I was surprised to see that Newsweek had published an article acknowledging the rising rate of inflation.
... the Fed ... points to the all-urban consumer price index (CPI-U) and notes that it was up only 2.7 percent in March relative to the same month a year earlier. Strip out the costs of food and energy, and 'core CPI' - the Fed’s preferred measure - is just 1.2 percent. When Google unveils its new index of online prices, it’s likely to tell a similar story.
To ordinary Americans, however, it’s not the online price of an iPad that matters; it’s prices of food on the shelf and gasoline at the pump. These, after all, are the costs they encounter most frequently. And with average gas prices hitting $3.88 a gallon last week, filling up is now twice as painful as when President Obama took office.
Sensing a threat to his hopes of reelection, the president last week called on Congress to eliminate 'unwarranted' tax breaks for oil companies and set up a Justice Department task force to investigate price gouging and fraud in the oil markets. Give me a break. The spike in gas prices is the result of Fed policy, which has increased the monetary base threefold in as many years, and a geopolitical crisis in the Middle East that the president and his advisers still haven’t gotten a handle on.
And the reason the CPI is losing credibility is that, as economist John Williams tirelessly points out, it’s a bogus index. The way inflation is calculated by the Bureau of Labor Statistics has been 'improved' 24 times since 1978. If the old methods were still used, the CPI would actually be 10 percent. Yes, folks, double-digit inflation is back. Pretty soon you’ll be able to figure out the real inflation rate just by moving the decimal point in the core CPI one place to the right.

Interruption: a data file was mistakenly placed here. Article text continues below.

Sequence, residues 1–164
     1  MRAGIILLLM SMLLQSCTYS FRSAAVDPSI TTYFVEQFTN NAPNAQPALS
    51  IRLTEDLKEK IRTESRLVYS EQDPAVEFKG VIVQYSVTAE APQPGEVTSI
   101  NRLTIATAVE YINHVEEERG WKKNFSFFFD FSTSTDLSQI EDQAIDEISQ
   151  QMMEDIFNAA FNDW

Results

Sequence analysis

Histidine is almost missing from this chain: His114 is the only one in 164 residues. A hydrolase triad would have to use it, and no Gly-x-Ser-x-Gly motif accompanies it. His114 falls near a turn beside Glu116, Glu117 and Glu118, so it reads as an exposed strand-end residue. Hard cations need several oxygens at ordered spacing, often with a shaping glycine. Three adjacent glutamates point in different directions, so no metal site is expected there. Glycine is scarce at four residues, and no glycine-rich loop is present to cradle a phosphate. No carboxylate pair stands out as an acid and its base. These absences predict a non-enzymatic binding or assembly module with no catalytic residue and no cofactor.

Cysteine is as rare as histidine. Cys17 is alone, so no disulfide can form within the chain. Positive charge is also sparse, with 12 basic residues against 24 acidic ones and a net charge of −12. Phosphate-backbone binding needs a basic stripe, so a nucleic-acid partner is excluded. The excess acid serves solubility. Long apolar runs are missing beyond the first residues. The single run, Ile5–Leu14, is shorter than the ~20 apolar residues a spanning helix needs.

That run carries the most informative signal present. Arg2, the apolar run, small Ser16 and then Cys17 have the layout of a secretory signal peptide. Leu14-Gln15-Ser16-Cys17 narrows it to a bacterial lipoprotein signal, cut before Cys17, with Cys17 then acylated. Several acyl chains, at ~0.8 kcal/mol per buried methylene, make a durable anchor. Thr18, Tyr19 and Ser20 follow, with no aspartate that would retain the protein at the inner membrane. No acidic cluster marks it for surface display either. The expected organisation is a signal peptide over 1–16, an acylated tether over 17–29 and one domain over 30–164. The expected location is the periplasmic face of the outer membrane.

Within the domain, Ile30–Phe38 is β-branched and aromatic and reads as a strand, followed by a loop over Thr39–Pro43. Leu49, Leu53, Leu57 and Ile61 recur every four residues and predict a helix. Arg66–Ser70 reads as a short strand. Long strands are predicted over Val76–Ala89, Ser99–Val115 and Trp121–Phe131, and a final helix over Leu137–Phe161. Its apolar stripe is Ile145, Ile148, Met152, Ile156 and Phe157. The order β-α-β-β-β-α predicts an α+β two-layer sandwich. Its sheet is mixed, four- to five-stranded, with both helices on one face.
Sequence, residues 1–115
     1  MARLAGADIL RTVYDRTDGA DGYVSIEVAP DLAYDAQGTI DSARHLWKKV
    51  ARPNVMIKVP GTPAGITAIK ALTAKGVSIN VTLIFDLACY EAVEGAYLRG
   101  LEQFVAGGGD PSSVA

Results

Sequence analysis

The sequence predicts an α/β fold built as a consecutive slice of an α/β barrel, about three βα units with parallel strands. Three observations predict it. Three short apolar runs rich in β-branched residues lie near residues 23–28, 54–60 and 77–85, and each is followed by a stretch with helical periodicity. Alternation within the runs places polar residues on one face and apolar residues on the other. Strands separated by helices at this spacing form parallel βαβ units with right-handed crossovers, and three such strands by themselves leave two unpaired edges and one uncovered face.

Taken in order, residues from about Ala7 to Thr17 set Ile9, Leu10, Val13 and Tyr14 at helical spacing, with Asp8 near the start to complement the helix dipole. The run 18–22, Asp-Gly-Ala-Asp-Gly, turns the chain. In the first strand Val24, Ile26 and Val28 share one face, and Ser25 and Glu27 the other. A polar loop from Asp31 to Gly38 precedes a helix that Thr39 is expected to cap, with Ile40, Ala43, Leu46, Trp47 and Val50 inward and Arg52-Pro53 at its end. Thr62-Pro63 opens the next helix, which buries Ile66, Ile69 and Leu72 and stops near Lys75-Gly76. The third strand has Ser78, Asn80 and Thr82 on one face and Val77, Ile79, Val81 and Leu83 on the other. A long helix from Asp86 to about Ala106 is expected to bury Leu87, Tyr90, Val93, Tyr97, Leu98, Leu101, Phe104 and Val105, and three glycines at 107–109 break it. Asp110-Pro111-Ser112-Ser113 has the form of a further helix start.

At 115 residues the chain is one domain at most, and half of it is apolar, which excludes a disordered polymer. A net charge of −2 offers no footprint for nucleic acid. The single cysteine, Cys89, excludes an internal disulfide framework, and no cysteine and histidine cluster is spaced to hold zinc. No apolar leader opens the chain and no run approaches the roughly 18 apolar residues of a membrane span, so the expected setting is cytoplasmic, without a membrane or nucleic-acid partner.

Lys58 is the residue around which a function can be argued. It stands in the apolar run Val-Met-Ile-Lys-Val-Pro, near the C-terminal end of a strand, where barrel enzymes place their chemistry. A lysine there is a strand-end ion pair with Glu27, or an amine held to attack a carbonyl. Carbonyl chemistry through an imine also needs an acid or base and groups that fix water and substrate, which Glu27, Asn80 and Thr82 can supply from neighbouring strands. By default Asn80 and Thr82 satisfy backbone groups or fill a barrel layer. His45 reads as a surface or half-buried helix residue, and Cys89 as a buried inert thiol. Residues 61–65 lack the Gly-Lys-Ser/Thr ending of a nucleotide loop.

It’s not only the BLS that speaks with a forked tongue. Members of the Council on Foreign Relations last week heard Treasury Secretary Tim Geithner say: "Our policy has been and will always be ... that a strong dollar is in the interest of the country." Fact: the dollar has depreciated relative to other currencies by 17 percent since 2009. That European vacation is going to cost nearly a fifth more than you anticipated when you booked the flights a year ago.
There's more at the link. Bold print is my emphasis.
I didn't expect this recognition of reality from one of the mainstream media's most mainstream and (blindly) financially upbeat sources. Perhaps there's hope for them yet . . . provided they can learn to carry the same recognition of reality over to other areas of their reporting.
(Of course, when the financial tsunami bearing down on us finally strikes, Newsweek and many of its peers and competitors may not survive at all . . . )